Laos: Background and U.S. Relations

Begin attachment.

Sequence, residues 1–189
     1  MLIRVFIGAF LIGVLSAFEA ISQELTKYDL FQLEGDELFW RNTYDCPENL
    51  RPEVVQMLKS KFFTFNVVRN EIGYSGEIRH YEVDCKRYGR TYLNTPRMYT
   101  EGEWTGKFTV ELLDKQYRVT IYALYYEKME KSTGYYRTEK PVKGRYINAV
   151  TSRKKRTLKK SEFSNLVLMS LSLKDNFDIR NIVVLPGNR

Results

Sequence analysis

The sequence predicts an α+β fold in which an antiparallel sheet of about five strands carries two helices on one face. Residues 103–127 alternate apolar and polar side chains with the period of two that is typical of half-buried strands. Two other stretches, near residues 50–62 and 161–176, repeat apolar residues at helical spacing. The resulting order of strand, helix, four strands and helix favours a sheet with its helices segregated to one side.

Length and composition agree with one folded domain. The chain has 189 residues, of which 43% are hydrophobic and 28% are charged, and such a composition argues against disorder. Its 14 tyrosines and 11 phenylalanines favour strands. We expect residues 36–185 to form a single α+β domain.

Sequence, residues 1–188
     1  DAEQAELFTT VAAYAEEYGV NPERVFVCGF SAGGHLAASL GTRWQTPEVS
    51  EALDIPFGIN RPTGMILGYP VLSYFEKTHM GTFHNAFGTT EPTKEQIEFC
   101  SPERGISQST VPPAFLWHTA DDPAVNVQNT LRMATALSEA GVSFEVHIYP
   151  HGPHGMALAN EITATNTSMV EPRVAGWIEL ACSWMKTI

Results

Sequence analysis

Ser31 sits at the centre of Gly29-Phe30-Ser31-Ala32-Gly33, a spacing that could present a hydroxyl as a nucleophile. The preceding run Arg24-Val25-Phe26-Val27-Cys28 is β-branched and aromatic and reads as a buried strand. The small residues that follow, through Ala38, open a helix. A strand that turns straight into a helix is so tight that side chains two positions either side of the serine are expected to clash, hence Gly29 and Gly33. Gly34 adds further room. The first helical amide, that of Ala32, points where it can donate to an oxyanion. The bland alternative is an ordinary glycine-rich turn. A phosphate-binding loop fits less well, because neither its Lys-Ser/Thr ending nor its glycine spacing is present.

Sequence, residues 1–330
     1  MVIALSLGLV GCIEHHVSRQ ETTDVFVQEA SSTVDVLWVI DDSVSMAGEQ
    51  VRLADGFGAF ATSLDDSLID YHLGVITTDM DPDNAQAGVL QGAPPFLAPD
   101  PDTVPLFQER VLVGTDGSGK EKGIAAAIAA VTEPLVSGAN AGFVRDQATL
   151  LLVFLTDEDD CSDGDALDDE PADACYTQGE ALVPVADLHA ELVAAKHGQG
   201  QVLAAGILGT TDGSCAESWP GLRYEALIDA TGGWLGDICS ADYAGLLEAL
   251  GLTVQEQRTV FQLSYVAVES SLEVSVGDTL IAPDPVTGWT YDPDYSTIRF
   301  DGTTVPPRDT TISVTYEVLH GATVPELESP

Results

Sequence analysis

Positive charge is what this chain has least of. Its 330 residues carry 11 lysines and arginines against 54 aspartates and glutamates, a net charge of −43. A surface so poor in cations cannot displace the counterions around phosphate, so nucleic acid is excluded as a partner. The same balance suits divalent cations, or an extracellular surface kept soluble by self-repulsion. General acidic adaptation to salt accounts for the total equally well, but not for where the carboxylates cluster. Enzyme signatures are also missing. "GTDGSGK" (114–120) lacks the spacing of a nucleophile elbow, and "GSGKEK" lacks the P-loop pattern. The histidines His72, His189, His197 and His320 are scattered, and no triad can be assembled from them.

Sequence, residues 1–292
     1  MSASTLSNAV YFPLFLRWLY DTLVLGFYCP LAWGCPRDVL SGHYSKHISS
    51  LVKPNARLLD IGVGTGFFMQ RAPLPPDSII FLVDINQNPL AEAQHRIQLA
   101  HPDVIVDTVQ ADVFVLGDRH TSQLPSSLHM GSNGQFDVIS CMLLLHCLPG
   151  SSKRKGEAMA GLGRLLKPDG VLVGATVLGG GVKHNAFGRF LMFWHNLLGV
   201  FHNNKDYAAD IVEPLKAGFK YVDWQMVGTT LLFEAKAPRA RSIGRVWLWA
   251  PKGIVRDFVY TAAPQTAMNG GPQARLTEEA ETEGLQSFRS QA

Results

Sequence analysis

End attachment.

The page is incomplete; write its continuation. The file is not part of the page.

Order Code RS20931 Updated February 5, 2007 Laos: Background and U.S. Relations Thomas Lum Specialist in Asian Affairs Foreign Affairs, Defense, and Trade Division Summary For several years, U.S.-Laos relations were dominated by the debate over whether to grant normal trade relations status to Laos. On November 19, 2004, Congress approved legislation that granted nondiscriminatory treatment to the products of Laos. The Lao government’s alleged poor treatment of former CIA-trained Hmong guerillas was a key factor in the debate and remains a point of contention between the two countries. The United States and Laos cooperate in important areas, including recovering remains of Americans missing in action (MIAs) from the Vietnam War, counter-narcotics and de-mining efforts. Congressional Interests For several years, U.S.-Laos relations were largely shaped by the U.S. debate over whether to grant Laos normal trade relations (NTR) treatment. Since 1997, when the United States and the Lao People’s Democratic Republic (LPDR) concluded a bilateral trade agreement (BTA), legislation to extend NTR status to Laos faced opposition from many Members of Congress concerned about human rights conditions in Laos and the plight of the Hmong Lao minority.1 Some prominent Hmong-American organizations strongly opposed enacting the trade agreement, although the Laotian-American community as a whole reportedly was split on the issue.2 On November 19, 2004, Congress passed the Miscellaneous Trade and Technical Corrections Act of 2004, which extended nondiscriminatory treatment to the products of Laos (signed into law as P.L. 1 Before Laos was granted NTR status in November 2004, the LPDR was one of only three countries (Cuba, Laos, and North Korea) that did not have normal trade relations with the United States. 2 Vaudine England, “Laotians Are Divided over U.S. Trade,” Wall Street Journal, September 1, 2004; Daniel Lovering, “Former Enemies Wage Battle over U.S. Trade with Laos,” Associated Press, January 12, 2004; Frederic J. Frommer, “Free Trade Deal for Laos Splits Hmong Community,” Associated Press, May 6, 2003. CRS-2 108-429). Congressional concerns about human rights conditions and former Hmong guerillas in Laos have persisted, as reflected in legislation in the 109th Congress.3 Significant areas of bilateral cooperation include the recovery of Laos in Brief Americans missing in action (MIAs),4 counter-narcotics efforts, Chief of State: President Gen. Choummaly and the removal of land mines. In Sayasone (2006) October 2005, the United States Prime Minister: Bouasone Bouphavanh (2006) Population: 6.2 million signed a cooperation agreement with Per Capita Income: $390 or $1,900 (purchasing Lao officials in which it pledged power parity) $3.4 million to the LPDR for Life Expectancy: 55 years controlling outbreaks of avian flu. Literacy: 66% Policy options for Congress include Religious Affiliations: Buddhist — 60%; pressuring the Lao government to Animist — 30%; Christian — 1.5%. accept international monitoring of Ethnic Groups: Lao (lowland and upland) — the resettlement of former Hmong 90%; Highland (Hmong and Yao) — 9%; militia members and their Vietnamese and Chinese (1%). co m m u n i t ies, app r o p r i at i n g Economic Support Funds (ESF) for Sources: CIA World Factbook; Economist Intelligence Unit. judicial and economic reforms, granting trade preferences to least developed countries, including Laos, and supporting International Military and Education Training (IMET) for English language programs for Lao citizens involved in joint MIA accounting efforts. U.S. foreign assistance to Laos remains relatively limited and channeled through NGOs rather to the government of Laos due to strained bilateral relations and to the country’s status as a Tier 3 country on the U.S. State Department’s 2006 Trafficking in Persons Report.5 U.S. foreign assistance to Laos focuses on counter-narcotics and demining programs. Total U.S. assistance to Laos in FY2006 was estimated to be $4.3 million compared to $4.5 million in 2005, reflecting an increase in de-mining funds offset by a decrease in counter-narcotics assistance. Opium production and use reportedly dropped dramatically between 1998 and 2005. However, the loss of the crop reportedly has resulted in greater poverty in some areas, the possibility of farmers reverting to opium production remains high, and the drug is still available via Burma and China. 3 On November 19, 2004, the Senate agreed to S.Res. 475, “A Resolution to Condemn Human Rights Abuses in Laos.” Other related legislation in the 109th Congress, which did not make it out of committee, would honor Lao and Hmong veterans from the Vietnam War (H.Res. 317) and would amend the Hmong Veterans’ Naturalization Act of 2000 to eliminate application deadlines (H.R. 3018). 4 Since 1985, the United States and Laos have conducted 102 joint field searches to locate U.S. soldiers’ remains. “Laos Repatriates U.S. Soldiers’ Remains,” Organization of Asia-Pacific News Agencies, December 5, 2006. 5 Under the Trafficking Victims Protection Act of 2000, countries in Tier 3 may face U.S. sanctions or withholding of non-humanitarian assistance. See Department of State, Office to Monitor and Combat Trafficking in Persons, Trafficking in Persons Report, 2006. CRS-3 Furthermore, methamphetamine use has risen among Lao youth.6 The LPDR also receives assistance through the Leahy War Victims Fund ($917,000 in 2004-2007) to assist victims of unexploded ordnance from the Vietnam War.7 The largest providers of bilateral development assistance to Laos are Japan, Germany, Sweden, France, and Australia. Political and Economic Situation in Laos Politics. The Lao People’s Revolutionary Party (LPRP), a secretive, Leninist political organization, has sole authority over the government and society of Laos. According to many experts, its hold on power remains firm. Despite the existence of factions, the Party appears to be united against fundamental political change or democratization. Anti-government activities, such as public protests and bombings, have subsided since the 1999-2004 period. During that time, university students and teachers staged two demonstrations for democratic reforms. Rebel militias operating out of Thailand carried out several attacks on Lao border posts. Anti-government groups detonated over a dozen small bombs in the capital, Vientiane, and other cities, killing several people. Several ambushes of highway buses and other vehicles, in which over 40 people were killed, were reported. These isolated attacks, which the Lao government either downplayed or for which it blamed Hmong insurgents, did not spark widespread antigovernment activity. Foreign Relations. According to some analysts, Vietnam and China are competing to exploit the LPDR’s strategic and economic assets. Vietnam’s influence on Laos remains strong, particularly in political and military affairs and among the Revolutionary Party’s old guard, although China’s influence is growing. Since the late 1990s, China has provided Laos with critical grants, low-interest loans, technical assistance, foreign investment, and high profile development projects. Laos also maintains important economic ties with Thailand, participates in regional organizations, 6 “More Work Needed in Opium Eradication,” Organization of Asia-Pacific News Agencies, October 18, 2006; Songrit PhonNgern, “Laos Admits Increase in Use of Methamphetamine Among Lao Use,” VOA, October 26, 2006. 7 The United States dropped more than 2.5 million tons of ordnance on Laos during the Vietnam War, more than the total used against Germany and Japan in World War II. Unexploded ordnance causes an average of 120 deaths per year (and over 11,000 casualties, including nearly 4,000 deaths, since 1975). UXO also takes a significant economic toll on rural areas. United Nations Development Program, Laos PDR E-Update (August 2006); Paul Wiseman, “30-YearOld Bombs Still Very Deadly in Laos,” USA Today, December 12, 2003. CRS-4 and depends upon Japan and European countries for foreign aid and trade. In a display of growing maturity as a member of the Association of Southeast Asian Nations (since 1997), Laos successfully hosted the 10th ASEAN Summit in November 2004 and the ASEAN Ministerial Meeting in July 2005. Vientiane has made some efforts to heed U.S. pressure on human rights, particularly regarding religious freedom, and welcomed NTR status as a step toward better bilateral relations. Economic Conditions and Trade. Laos is a small, mountainous, landlocked country bordering Burma, Cambodia, China, Thailand, and Vietnam. One of the poorest countries in Asia, with a per capita annual income of $390, Laos ranks 133rd on the United Nations Development Program’s Human Development Index, which measures life expectancy, education, literacy, and gross domestic product (GDP) per capita. The country’s road and communications systems are underdeveloped. Subsistence agriculture accounts for about half of GDP and involves over 80% of the country’s labor force. About 18% of GDP comes from manufacturing. The Lao economy experienced a relatively brief period of collectivization (19751985). In 1986, the LPDR government began a policy of economic reform — disbanding collective farms, legalizing private ownership of land, allowing market forces to determine prices, and encouraging private enterprise in all but some key industries and sectors. Between 1988 and 2004, the country’s economy grew by a healthy 6% per year, with the exception of 1997-1998 due to the Asian financial crisis. GDP grew by roughly 7% in 2005-2006 and is expected to expand by 6.7% in 2006-2007.8 Tourism has become the country’s single biggest earner of foreign exchange. Hydroelectric power and textiles account for over two-thirds of country’s exports. Coffee is also a major export item. Chinese and Vietnamese companies have entered the mining sector, investing in the exploration and manufacture of iron ore, cooper, zinc and other minerals and precious metals. However, the country reportedly has made slow progress toward meeting requirements under the U.S.-Laos BTA and in preparing for accession to the World Trade Organization (WTO). The LPDR’s principal trading partners are Thailand, Vietnam, and China. Vietnam, China, and Australia are major investors. In 2005, Laos exported $4.1 million worth of goods to the United States, about two-thirds of which were garments. In 2006, exports to the United States were nearly double that of the previous year.9 By contrast, the EU, the LPDR’s largest export market, imported $180 million worth of Laotian merchandise in 2005 — mostly apparel and accessories. Laos is a member of the ASEAN Free Trade Area (AFTA), implemented in 2003, and the ASEAN-China FTA (ACFTA), which is to go into effect in 2010 for most member states.10 With the help of foreign investment, the LPDR has built several large hydroelectric projects since the late 1990s. In 2005, construction began on the $1.2 billion Nam Theun II Dam, with loans from the World Bank and Asian Development Bank and investment from France and Thailand. Many 8 “Country Outlook: Laos,” The Economist Intelligence Unit (October 2006). 9 United States International Trade Commission. 10 Laos is required to meet tariff reduction goals by 2008 for the AFTA and 2015 for the ACFTA. ASEAN’s newest and least developed members — Cambodia, Laos, Myanmar (Burma), and Vietnam — are allowed additional time in which to reduce tariffs. ASEAN’s six original members are Brunei, Indonesia, Malaysia, Philippines, Singapore, and Thailand. CRS-5 environmental and human rights groups had opposed the project because of its potential adverse impact on the environment and livelihoods and the displacement of roughly 5,000 people. Human Rights Issues Following the assumption of power by the Lao communists (Pathet Lao) in 1975, the Lao government dealt harshly with its perceived political opponents, including Royal Lao Government and Army officials, the royal family, and U.S.-trained Hmong guerrilla fighters, sending 30,000-50,000 of them to “reeducation centers.” Nearly all remaining political prisoners reportedly were released by the late 1980s. According to the U.S. Department of State, the LPDR’s human rights record remains “poor” with continued serious abuses. The government does not allow the independent organization of political, religious, or labor groups, severely curtails free speech and association, controls the country’s judiciary, and regularly denies due process. In addition to an unknown number of political detainees, there were five known political prisoners as of March 2006.11 According to former prisoners, extremely harsh conditions and the use of torture in Lao jails are common. The LPDR has signed but not ratified the U.N. International Covenants on Civil and Political Rights (ICCPR) and Economic, Social, and Cultural Rights (ICESC). Religious Freedom. According to most experts, the LPDR does not engage in widespread persecution of religious groups. However, non-mainstream religious activities, particularly among ethnic minorities, often have experienced repression at the local level. In 2006, the U.S. State Department reported that “in most parts of the country officials generally respected the constitutionally guaranteed rights of members of most faiths to worship;” however, in some rural areas, forced renunciations of faith, detentions, and arrests of Christians, especially evangelicals, or destruction of their property have occurred. In many cases, conflicts reportedly have arisen as officials and Christian groups clashed over local resources, officials felt politically threatened, or they overzealously applied communist orthodoxy.12 From 2000 through 2003, the United States Commission on International Religious Freedom (USCIRF) recommended that the U.S. State Department designate Laos as a “country of particular concern” (CPC) for systematic and egregious violations of religious freedom.13 In 2004, the Lao government and the U.S. Embassy in Vientiane conducted a joint seminar on religious freedom issues, and the USCIRF upgraded Laos to its “watch list.” In 2005, the USCIRF removed Laos from the watch list, citing the re-opening of most of its closed churches, release of almost all religious prisoners, and official denunciation of campaigns to force renunciations of faith. 11 Department of State, Bureau of Democracy, Human Rights, and Labor, Country Reports on Human Rights Practices - 2005: Laos (March 8, 2006). 12 U.S. Department of State, Bureau of Democracy, Human Rights, and Labor, International Religious Freedom Report 2006 — Laos (September 15, 2006); U.S. Commission on International Religious Freedom, Annual Report (May 2006). 13 Since the U.S. State Department began submitting annual reports to Congress on religious freedom pursuant to Section 102(b) of the International Religious Freedom Act of 1998, it has highlighted violations of religious freedom in Laos but has never designated the LPDR as a CPC. CRS-6 The Hmong Minority. During the Vietnam War, the United States Central Intelligence Agency (CIA) trained and armed an estimated 60,000 Hmong guerillas to fight the Vietcong. After the Lao communists took power in 1975, Lao and Vietnamese troops crushed most of the Hmong army.14 The Lao army then allegedly carried out a war of attrition in the northern mountains against remaining Hmong militias and communities that resisted cooperation with the government, and who currently number an estimated one thousand to a few thousand persons divided into approximately one dozen groups.15 Some human rights organizations claim that the Lao military has committed atrocities against the Hmong. In April 2006, 26 unarmed Hmong, most of them children, reportedly were killed in a military attack, which the government denies16 LPDR officials state that they have begun a process of voluntary resettlement of former Hmong insurgents and their families. According to reports, in 2006, from several hundred to over one thousand lightly-armed Hmong, many of them malnourished, surrendered to Lao authorities and registered for resettlement. However, critics maintain that the Lao government has allowed some foreign assistance for Hmong resettlement but has barred international groups from monitoring the process to confirm that former militia members are not being mistreated.17 Following the communist takeover, up to one-third of the Hmong minority, which totaled 350,000 in 1974 by some estimates, fled to Thailand. Between 1975 and 1998, nearly 130,000 Hmong refugees were admitted to the United States.18 In the 1990s, about 29,000 Hmong Lao were repatriated from camps in Thailand to Laos. In 2004-2006, the United States accepted 15,000 Hmong refugees who were living at the Wat Tham Krabok temple in central Thailand. In May 2005, Thailand closed its last camp for Hmong refugees. In December 2006, Bangkok announced that it would deport about 6,500 recent Hmong Lao migrants under the supervision of the United Nations High Commissioner for Refugees (UNHCR).19 Some returning Hmong claim that they face persecution in Laos. Many observers argue that although societal discrimination likely persists, the Lao government does not engage in systematic persecution of the Hmong minority, and that Hmong returnees have largely reintegrated into society. 14 Jane Hamilton-Merritt, Tragic Mountains: The Hmong, the Americans, and the Secret Wars for Laos, 1942-1992 (Bloomington: Indiana University Press, 1992). Hamilton-Merritt suggests that as many as 30,000 Hmong soldiers and civilians died as a result of their involvement in the Vietnam War. 15 Andrew Perrin, “Welcome to the Jungle,” Time Asia, May 5, 2003; Amnesty International Public Statement, No. 224, September 13, 2004. 16 “U.S. Calls on Laos to Investigate Alleged Massacre of Hmong Civilians,” VOA News, June 2, 2006. 17 []; “Hill Tribe Surrenders to Laotian Government after Three Decades,” The Vancouver Sun, June 6, 2005. 18 According to some estimates, the U.S. Hmong -Lao population totals approximately 250,000 persons and constitutes slightly over half of the U.S. Laotian population. See also Donna Kennedy, “Between Two Worlds,” The Press — Enterprise (Riverside, CA), July 9, 2000. 19 “Thailand to Deport over 6,500 Ethnic Hmongs to Laos,” BBC Monitoring Asia Pacific, December 19, 2006.